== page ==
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worlds 50poor countries

World's 50 Poorest Countries

UN list of least developed countries1

Afghanistan, Angola, Bangladesh, Benin, Bhutan, Burkina Faso, Burundi, Cambodia, Cape Verde, Central African Republic, Chad, Comoros, Democratic Republic of Congo, Djibouti, Equatorial Guinea, Eritrea, Ethiopia, Gambia, Guinea, Guinea-Bissau, Haiti, Kiribati, Laos, Lesotho, Liberia, Madagascar, Malawi, Maldives, Mali, Mauritania, Mozambique, Myanmar, Nepal, Niger, Rwanda, Samoa, São Tomé and Príncipe, Senegal, Sierra Leone, Solomon Islands, Somalia, Sudan, East Timor, Togo, Tuvalu, Uganda, Tanzania, Vanuatu, Yemen, Zambia.

Trends among the world's poorest countries

Since 1990, there has been encouraging news emerging from developing countries. According to the UN's 2005 Human Development Report, life expectancy in developing countries has increased by two years. There are three million fewer child deaths annually and 30 million fewer children out of school. More than 130 million have escaped extreme poverty. In 2003, however, 18 countries with a combined population of 460 million registered lower on the human development index (HDI) than in 1990, an unprecedented reversal.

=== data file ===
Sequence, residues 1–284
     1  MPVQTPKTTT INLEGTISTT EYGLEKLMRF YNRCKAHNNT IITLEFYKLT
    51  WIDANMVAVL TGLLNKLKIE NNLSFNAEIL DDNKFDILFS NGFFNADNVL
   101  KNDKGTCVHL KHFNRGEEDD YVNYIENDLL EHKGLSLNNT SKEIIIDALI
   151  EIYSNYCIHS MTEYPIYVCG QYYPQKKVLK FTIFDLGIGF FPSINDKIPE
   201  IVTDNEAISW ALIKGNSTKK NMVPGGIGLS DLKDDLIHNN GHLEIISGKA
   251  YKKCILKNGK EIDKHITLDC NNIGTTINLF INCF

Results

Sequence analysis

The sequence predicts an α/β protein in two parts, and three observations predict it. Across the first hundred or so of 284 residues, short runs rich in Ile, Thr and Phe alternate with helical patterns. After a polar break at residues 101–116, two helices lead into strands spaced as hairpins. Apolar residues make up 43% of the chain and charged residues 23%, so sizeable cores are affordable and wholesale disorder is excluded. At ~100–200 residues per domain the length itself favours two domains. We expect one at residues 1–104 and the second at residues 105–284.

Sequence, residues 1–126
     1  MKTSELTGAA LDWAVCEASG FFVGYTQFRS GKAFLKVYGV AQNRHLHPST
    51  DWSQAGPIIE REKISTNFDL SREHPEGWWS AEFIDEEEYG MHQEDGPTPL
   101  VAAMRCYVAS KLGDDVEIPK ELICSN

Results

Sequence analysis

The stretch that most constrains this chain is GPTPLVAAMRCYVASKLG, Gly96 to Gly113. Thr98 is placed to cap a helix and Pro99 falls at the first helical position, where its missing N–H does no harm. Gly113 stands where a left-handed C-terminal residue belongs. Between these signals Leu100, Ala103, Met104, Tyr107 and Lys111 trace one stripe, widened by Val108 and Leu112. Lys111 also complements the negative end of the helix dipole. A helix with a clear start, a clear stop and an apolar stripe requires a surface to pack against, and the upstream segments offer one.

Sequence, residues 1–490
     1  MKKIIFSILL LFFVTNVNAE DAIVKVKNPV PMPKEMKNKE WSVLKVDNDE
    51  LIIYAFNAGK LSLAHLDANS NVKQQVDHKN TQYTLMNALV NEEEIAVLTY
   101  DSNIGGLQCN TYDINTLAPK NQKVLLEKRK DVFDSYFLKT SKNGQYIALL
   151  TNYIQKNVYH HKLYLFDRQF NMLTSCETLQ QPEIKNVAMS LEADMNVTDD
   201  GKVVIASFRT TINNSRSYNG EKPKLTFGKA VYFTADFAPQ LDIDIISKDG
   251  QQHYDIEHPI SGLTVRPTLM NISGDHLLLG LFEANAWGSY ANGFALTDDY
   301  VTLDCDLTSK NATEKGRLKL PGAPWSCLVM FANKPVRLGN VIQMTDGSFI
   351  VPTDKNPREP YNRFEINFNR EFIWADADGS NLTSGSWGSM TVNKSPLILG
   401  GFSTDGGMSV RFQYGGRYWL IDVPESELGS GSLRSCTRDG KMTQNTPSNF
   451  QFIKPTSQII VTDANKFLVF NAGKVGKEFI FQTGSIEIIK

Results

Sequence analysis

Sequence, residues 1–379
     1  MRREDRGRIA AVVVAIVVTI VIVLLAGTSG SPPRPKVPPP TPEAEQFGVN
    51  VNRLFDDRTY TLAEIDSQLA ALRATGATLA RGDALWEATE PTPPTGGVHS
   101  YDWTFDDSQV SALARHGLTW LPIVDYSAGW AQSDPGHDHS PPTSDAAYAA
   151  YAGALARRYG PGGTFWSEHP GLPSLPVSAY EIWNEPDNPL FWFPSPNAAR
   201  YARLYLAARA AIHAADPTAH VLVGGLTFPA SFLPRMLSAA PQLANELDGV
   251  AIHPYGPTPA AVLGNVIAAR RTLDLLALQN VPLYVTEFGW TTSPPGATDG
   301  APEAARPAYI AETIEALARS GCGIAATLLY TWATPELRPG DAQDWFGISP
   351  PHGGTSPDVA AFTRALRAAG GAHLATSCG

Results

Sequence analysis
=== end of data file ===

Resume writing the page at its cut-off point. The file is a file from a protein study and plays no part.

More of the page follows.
Child mortality rates are directly related to a country's human development opportunity. Death rates among the world's children are falling, but the trend is slowing and the gap between rich and poor countries is widening. Sub-Saharan Africa accounts for a rising share of child deaths: in 2005, the region represented 20% of births worldwide and 44% of child deaths.

To illustrate the income inequality between rich and poor countries, consider these facts: the world's richest individuals have a combined income greater than that of the poorest 416 million; 982 million people out of the developing world's 4.8 billion people live on $1 per day, and another 2.5 billion (40% of the world's population) live on less than $2 per day. In addition, the poorest 40% of the world population accounted for 5% of global income in 2005, the richest 20% accounted for 75% of world income, and the richest 10% for 54%.

About 60% of the poorest countries experienced civil conflict of varying intensity and duration in the period 1990–2001 that, in most cases, erupted after a period of economic stagnation and regression. In Rwanda, for example, average private consumption per capita fell by more than 12% between 1980 and 1993, the year before the genocide occurred.